An Australian celebrity fell foul of a nasty scam by a criminal group pretending to be a Palestinian photographer.
Bryan Dawe, 74, a noted satirist, comedian, and writer, came across a Facebook post by a woman named Sarah Murtaja who claimed that her Canon 5D Mark III had been destroyed by an Israeli bombardment of Gaza.
“Israel prevented the introduction of financial aid into Gaza, where I created a donation campaign through PayPal, and I hope for the good people to donate even a little bit,” Murtaja wrote in the post.
The elaborate ruse was accompanied by an image of a damaged Canon 5D which she was asking $2,800 to replace. Murtaja also posted photos taken inside Palestine which later turned out to have been stolen from other photographers.
“Her photos displayed a human side of Gaza and Palestine missing from the normal media portrayal of death and destruction,” Dawe tells The Age.
“The photos told another more heartening narrative of young kids trying to survive and live their lives among the chaos of an ongoing war.”
Dawe threw himself into the cause, creating collaborations of prints and gift cards, using his considerable profile in Australia to sell the merchandise.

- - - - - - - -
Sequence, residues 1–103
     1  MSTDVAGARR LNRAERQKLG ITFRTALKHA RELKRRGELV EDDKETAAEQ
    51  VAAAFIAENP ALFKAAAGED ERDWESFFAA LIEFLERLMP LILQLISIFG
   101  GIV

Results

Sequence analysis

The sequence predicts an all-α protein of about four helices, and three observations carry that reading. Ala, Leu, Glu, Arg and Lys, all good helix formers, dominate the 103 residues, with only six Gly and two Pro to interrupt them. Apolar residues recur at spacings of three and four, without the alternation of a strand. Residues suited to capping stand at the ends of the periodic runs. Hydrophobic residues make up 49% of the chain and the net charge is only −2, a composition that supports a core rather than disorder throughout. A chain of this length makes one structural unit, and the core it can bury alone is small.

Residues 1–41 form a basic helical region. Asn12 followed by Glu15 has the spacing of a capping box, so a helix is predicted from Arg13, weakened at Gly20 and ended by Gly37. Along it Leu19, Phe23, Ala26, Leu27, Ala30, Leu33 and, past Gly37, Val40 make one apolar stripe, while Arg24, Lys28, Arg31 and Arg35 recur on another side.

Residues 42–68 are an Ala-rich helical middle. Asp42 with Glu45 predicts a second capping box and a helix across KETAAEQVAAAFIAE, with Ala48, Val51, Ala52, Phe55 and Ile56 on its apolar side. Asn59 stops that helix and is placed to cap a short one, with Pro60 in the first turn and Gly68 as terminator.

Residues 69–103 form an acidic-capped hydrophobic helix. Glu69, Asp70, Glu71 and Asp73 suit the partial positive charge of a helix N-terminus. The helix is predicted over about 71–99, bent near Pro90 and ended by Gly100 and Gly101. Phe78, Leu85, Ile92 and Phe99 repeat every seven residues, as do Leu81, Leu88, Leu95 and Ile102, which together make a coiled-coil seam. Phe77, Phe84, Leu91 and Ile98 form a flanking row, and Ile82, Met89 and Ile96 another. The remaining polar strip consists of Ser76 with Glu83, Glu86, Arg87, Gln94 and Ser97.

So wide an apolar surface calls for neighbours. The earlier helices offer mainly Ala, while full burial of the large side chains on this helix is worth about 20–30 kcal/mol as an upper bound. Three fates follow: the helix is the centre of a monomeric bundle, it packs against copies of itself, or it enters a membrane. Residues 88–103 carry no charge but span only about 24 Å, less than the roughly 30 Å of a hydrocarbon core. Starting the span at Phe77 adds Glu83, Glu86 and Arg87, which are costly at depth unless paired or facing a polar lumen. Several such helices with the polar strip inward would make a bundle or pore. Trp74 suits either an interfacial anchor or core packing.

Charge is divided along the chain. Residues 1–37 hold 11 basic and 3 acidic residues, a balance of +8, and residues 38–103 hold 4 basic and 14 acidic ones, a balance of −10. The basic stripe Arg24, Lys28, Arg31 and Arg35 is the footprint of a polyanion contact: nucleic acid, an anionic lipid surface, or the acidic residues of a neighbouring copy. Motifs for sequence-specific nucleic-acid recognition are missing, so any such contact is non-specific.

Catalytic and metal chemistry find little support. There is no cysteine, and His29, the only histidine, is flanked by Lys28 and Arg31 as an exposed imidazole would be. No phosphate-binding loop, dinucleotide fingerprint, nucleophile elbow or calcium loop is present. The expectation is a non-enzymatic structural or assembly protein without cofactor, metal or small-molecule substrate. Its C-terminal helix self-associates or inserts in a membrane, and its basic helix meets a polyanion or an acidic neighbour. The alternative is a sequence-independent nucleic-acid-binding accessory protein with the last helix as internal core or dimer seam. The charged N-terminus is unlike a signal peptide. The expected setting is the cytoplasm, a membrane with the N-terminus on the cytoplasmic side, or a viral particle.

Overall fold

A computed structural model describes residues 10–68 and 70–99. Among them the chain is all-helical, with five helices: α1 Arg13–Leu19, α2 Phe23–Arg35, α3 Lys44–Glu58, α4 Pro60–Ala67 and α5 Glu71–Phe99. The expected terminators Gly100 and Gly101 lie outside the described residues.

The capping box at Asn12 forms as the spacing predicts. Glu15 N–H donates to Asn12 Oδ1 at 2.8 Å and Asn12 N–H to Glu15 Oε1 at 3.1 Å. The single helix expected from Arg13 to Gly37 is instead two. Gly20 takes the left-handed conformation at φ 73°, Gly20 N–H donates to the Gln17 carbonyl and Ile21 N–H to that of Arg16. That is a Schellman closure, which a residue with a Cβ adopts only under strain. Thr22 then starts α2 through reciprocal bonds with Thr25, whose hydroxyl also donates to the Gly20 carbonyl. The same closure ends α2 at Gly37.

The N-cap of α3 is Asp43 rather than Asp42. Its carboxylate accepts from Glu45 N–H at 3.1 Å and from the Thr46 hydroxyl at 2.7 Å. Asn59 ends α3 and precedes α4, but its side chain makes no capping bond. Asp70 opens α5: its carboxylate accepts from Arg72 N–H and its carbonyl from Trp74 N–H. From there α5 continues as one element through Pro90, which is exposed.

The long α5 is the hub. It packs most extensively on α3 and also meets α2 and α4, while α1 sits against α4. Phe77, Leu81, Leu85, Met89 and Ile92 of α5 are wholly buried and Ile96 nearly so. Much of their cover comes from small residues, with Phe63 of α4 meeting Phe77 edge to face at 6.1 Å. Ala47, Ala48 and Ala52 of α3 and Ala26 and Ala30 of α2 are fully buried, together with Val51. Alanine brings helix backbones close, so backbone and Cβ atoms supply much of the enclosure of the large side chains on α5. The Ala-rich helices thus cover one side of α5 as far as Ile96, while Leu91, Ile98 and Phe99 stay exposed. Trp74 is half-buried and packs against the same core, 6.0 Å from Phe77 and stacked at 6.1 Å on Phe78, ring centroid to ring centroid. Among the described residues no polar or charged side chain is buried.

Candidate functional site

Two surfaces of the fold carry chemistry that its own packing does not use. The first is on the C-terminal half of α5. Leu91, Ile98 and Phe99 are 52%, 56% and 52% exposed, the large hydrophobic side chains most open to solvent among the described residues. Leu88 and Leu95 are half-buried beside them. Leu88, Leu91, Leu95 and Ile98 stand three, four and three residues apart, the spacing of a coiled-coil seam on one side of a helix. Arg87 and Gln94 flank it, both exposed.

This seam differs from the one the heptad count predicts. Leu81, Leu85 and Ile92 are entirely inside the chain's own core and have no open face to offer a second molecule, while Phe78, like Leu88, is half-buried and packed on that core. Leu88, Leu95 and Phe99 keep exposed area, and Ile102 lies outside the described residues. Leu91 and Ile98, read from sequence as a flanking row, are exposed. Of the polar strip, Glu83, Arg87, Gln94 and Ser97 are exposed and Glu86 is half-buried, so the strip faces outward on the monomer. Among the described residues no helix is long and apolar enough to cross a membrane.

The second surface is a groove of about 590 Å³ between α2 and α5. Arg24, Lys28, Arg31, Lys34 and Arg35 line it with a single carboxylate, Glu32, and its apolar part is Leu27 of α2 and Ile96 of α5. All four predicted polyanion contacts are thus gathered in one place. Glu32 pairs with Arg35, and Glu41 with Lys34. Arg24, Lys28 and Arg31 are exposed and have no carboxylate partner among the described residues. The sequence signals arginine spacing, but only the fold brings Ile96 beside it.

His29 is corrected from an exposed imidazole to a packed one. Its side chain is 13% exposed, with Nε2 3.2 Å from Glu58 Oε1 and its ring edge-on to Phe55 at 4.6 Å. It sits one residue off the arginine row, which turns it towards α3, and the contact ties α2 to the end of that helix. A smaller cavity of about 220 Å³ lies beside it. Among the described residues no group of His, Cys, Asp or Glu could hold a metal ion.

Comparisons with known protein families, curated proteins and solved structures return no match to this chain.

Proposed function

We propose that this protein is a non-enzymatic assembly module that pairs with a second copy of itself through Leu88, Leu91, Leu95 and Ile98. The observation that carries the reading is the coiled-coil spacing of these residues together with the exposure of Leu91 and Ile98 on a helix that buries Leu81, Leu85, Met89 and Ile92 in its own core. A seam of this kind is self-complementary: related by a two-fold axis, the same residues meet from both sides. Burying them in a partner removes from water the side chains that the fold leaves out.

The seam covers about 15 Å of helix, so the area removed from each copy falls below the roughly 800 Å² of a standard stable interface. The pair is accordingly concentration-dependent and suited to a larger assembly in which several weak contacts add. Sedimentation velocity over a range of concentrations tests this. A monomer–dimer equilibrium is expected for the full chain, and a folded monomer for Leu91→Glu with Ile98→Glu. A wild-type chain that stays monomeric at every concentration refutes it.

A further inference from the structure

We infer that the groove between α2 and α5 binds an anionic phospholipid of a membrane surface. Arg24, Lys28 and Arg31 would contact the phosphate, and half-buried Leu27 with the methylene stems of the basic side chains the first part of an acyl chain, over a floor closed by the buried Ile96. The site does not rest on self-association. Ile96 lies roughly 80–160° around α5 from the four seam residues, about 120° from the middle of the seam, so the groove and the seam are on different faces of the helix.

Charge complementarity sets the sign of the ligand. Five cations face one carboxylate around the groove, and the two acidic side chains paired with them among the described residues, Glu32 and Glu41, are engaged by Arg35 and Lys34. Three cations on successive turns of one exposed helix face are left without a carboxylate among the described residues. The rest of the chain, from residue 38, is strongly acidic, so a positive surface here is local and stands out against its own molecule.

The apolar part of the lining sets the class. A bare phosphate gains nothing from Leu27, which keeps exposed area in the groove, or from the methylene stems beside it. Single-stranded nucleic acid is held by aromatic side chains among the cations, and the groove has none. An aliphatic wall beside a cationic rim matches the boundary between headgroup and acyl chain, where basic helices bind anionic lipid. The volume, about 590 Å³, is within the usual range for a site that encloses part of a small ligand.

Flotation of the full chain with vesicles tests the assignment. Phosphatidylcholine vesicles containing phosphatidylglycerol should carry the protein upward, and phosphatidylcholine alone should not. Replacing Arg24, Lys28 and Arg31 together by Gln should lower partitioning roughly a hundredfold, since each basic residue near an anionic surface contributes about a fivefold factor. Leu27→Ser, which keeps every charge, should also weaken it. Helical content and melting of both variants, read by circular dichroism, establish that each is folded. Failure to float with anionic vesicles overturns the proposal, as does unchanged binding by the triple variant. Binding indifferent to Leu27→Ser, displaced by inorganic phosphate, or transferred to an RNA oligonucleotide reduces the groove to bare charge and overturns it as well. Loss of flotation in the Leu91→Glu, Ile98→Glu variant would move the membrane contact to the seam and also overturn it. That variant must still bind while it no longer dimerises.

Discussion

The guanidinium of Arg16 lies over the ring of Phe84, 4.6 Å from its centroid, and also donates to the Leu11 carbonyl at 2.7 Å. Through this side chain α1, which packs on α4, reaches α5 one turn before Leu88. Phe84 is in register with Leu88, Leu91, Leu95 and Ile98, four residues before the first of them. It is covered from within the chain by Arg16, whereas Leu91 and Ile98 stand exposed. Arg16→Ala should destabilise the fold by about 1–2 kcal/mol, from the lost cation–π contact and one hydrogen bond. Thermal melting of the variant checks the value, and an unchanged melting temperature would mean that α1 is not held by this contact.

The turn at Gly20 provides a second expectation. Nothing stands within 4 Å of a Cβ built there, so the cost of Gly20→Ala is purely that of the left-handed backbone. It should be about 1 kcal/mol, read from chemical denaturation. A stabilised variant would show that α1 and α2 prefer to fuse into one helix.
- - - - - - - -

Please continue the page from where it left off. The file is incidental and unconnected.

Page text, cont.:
The artworks contained Murtaja’s and Dawe’s signatures printed together. After raising money, Dawe also received donations for the Gaza cause.
The project had raised $3,000 and Dawe was ready to forward the money to a PayPal account. However, he then discovered that PayPal does not operate in Gaza, which immediately raised alarm bells.
Dawe then did a reverse Google image search of Murtaja’s photos and discovered they had been stolen from other photographers.
Dawe then offered refunds to everyone who had given money, but this enraged the scammers who, to this day, hound him for payment.
Horrifyingly, the crooks created a deep-fake sex video of Dawe and tried to blackmail him. The political sketch artist closed all of his social media accounts in December last year and says he does not “trust anything anymore.”
Fake Facebook accounts of Dawe, presumably created by the scammers, have so far not been taken down by Meta who refuse to comment on the case. Friends and family have been messaging to ask if he was hacked.
“It’s breathtaking. They’re prepared to take the money, but when something happens to go wrong, Meta is not prepared to take any responsibility,” Dawe tells The Age.
Image credits:Part of the header photo licensed via Depositphotos.